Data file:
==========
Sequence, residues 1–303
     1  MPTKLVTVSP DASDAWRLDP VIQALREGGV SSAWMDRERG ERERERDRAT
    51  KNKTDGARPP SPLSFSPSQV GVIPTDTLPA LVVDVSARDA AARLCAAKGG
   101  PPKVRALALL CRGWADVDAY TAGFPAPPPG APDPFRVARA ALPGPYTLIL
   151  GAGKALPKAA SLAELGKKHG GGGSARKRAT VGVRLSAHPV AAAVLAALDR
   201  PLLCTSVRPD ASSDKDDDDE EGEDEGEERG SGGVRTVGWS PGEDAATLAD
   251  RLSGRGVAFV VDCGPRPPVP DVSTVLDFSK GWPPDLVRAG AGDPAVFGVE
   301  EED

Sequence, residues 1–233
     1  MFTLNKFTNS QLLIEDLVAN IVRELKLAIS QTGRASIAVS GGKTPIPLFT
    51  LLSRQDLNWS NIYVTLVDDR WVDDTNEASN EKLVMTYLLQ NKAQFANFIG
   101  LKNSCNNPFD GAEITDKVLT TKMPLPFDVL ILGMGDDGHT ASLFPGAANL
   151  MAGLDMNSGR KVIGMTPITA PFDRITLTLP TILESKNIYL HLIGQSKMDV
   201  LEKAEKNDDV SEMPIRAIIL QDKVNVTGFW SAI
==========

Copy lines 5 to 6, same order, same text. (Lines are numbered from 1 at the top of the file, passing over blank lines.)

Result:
   151  GAGKALPKAA SLAELGKKHG GGGSARKRAT VGVRLSAHPV AAAVLAALDR
   201  PLLCTSVRPD ASSDKDDDDE EGEDEGEERG SGGVRTVGWS PGEDAATLAD